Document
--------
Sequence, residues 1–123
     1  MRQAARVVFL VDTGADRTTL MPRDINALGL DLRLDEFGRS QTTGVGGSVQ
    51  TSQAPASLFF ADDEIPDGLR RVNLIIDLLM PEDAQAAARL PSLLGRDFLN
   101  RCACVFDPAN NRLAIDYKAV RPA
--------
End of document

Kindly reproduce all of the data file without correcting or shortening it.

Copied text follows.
Sequence, residues 1–123
     1  MRQAARVVFL VDTGADRTTL MPRDINALGL DLRLDEFGRS QTTGVGGSVQ
    51  TSQAPASLFF ADDEIPDGLR RVNLIIDLLM PEDAQAAARL PSLLGRDFLN
   101  RCACVFDPAN NRLAIDYKAV RPA